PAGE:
Patriarchal beauty standards have led women to constantly rely on hair removal creams (or other hair removal tactics) to get rid of their body and facial hair. Body hair, pubic hair, facial hair are still considered undesirable in 2018, and while there’s no harm in resorting to hair removal out of one’s agency, but to do so to meet regressive standards can be deeply problematic. That said, for those who do use hair removal products, it’s important to know what they actually consist of, and what effects they may end up having on your body. Knowing the composition of a product before using it helps you critically examine what kind of potential damage it might wreak on your body, and whether or not you should avoid it altogether.
Hair removal products essentially work by breaking down the protein structure of the hair shafts in your skin. The chemicals in it, known as ‘depilatories’, come in gels, lotions and creams and can be effective in clearing out body hair. However, some people are allergic to the chemicals in depilatories, and it’s important to carefully follow instructions on the products to prevent skin irritation.
Thioglycolate Salts and Sulfides
Thioglycolate salts and sulfides are among the most common active ingredients in hair removal products. Potassium thioglycate is the salt that’s most popular, which is generally a safe way of hair removal, but to those with sensitive skin can cause rashes or allergies. In some product labels, you might notice the presence of Barium Sulfide or Strontium Sulfide in place of Thioglycate salts because they react more quickly, and have a more immediate effect on removing hair particles from the skin. However, these can also burn and irritate the skin more easily, so while using such products, practice caution.
Sodium Hydroxide and Calcium Hydroxide
Sodium hydroxide or calcium hydroxide is another common constituent of chemical depilatories. They help in adjusting the pH levels of the skin, which is always necessary after the process of hair removals. The presence of these components actually make the hair removal product safer, because both calcium and sodium hydroxide are gentler to the skin, and help maintaining its natural balance.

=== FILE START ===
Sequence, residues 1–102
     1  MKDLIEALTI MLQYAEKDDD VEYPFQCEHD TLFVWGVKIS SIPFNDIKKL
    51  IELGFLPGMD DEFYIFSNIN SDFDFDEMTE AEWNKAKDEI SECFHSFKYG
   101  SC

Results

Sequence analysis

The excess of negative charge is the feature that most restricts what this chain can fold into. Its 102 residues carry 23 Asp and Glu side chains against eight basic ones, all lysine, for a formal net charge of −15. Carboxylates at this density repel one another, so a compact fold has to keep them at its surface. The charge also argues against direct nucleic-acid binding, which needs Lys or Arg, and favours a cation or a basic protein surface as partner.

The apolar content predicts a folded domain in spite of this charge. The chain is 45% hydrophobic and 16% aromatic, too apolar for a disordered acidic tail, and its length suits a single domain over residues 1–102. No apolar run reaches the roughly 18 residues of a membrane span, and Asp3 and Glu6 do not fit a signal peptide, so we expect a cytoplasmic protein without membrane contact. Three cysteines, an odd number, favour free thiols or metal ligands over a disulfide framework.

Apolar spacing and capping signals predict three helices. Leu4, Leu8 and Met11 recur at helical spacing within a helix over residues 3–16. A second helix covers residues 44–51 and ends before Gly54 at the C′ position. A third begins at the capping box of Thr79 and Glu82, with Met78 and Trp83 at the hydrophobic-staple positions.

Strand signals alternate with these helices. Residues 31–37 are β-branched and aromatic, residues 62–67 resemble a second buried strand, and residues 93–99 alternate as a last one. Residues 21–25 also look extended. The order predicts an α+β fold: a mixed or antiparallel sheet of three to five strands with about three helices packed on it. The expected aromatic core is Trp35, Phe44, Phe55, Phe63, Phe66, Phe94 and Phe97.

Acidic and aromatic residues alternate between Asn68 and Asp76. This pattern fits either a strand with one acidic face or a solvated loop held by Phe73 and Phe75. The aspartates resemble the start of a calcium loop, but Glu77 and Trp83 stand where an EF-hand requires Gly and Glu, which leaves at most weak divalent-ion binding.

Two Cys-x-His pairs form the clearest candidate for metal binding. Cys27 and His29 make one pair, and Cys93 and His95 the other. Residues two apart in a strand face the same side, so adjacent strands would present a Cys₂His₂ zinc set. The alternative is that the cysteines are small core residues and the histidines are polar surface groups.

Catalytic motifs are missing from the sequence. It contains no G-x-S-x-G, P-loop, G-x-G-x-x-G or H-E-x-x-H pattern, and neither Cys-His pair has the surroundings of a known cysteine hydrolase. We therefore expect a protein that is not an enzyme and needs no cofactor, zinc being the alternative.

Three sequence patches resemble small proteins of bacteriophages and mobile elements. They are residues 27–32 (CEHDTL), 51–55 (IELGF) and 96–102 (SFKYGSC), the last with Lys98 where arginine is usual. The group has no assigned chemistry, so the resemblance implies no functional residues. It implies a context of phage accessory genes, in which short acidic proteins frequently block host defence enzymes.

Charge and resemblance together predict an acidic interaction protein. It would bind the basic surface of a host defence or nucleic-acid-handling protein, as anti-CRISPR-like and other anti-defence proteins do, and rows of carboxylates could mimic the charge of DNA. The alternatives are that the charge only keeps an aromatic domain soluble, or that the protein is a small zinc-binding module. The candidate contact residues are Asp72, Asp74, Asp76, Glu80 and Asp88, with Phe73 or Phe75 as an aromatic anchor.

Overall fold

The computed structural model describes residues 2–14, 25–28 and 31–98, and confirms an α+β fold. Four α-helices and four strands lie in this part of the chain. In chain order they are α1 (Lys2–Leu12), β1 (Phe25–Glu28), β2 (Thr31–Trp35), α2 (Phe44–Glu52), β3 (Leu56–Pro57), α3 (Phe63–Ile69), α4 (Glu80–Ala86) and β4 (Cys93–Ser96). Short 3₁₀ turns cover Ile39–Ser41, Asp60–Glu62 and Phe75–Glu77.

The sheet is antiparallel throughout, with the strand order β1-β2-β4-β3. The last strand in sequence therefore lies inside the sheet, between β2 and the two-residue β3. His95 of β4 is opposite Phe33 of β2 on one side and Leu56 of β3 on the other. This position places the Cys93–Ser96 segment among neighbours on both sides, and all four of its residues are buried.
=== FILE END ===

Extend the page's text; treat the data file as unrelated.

Depilatories also need something to help dilute other ingredients in the products. This helps in regulating the severity of some of the harsher chemical ingredients and prevent skin damage. Water is the most commonly used diluent, and is the safest and best one. It is inexpensive, causes minimal damage or irritation to the skin and is compatible with a wide range of other ingredients. However, some products also use alcohol as a diluent, which is harsher and may leave your skin rough and coarse, so avoid those.
Emollients, much like diluents, are meant to help reduce the aggressiveness of the chemicals included in hair removal creams and lotions so that they are better for the skin; but they work on a more elaborate level, breaking down harsher chemicals and helping keep the skin supple and soft. Oils, silicones and esters are some examples of emollients. Their composition varies from product to product, so it’s important to check it and suit your usage to your skin type. According to Wired magazine, the number of skin-repair agents in a certain hair removal product actually outnumber the hair-removal ingredients.
In order to make hair removal products more appealing to consumers, manufacturers sometimes include fragrances in their formulations to overcome the strong and aggressive smells of the hair removing chemicals. Emulsifiers are added to creams and lotions. Dyes are used to enhance the color. Sometimes, preservatives, antioxidants and extracts are also added. Most of the time, these don’t have too many side-effects because they’re mostly organic ingredients. But it is still important to check the composition of each element, because it might lead to allergies for oily and sensitive skin.
So, before you use a hair removal product, keep checking the label multiple times. Make a note of each ingredient, classify it into various categories, and assess what might suit your skin and what might not. The beauty industry feeds us a lot of myths, telling us that certain products are essential and that without it we can’t survive. But what really matters is what will suit your skin and your body, so don’t allow yourself to be fooled.